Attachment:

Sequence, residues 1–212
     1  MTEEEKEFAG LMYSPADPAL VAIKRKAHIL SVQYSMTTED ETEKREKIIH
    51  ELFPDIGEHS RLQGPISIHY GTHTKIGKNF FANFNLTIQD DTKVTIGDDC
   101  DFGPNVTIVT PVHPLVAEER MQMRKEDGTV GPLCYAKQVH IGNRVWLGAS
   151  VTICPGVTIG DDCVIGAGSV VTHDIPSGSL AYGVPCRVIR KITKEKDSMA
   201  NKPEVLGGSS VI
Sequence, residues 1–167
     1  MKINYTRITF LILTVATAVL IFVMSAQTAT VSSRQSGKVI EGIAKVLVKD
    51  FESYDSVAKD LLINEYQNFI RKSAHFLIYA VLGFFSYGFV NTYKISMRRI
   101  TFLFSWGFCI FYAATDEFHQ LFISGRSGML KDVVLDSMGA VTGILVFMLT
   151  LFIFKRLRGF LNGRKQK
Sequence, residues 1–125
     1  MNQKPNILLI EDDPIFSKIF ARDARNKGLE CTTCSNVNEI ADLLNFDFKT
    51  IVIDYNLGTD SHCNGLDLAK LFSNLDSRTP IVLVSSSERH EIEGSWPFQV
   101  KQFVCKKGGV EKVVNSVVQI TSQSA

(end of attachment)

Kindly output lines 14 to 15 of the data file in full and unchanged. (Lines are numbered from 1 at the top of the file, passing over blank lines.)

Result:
    51  IVIDYNLGTD SHCNGLDLAK LFSNLDSRTP IVLVSSSERH EIEGSWPFQV
   101  KQFVCKKGGV EKVVNSVVQI TSQSA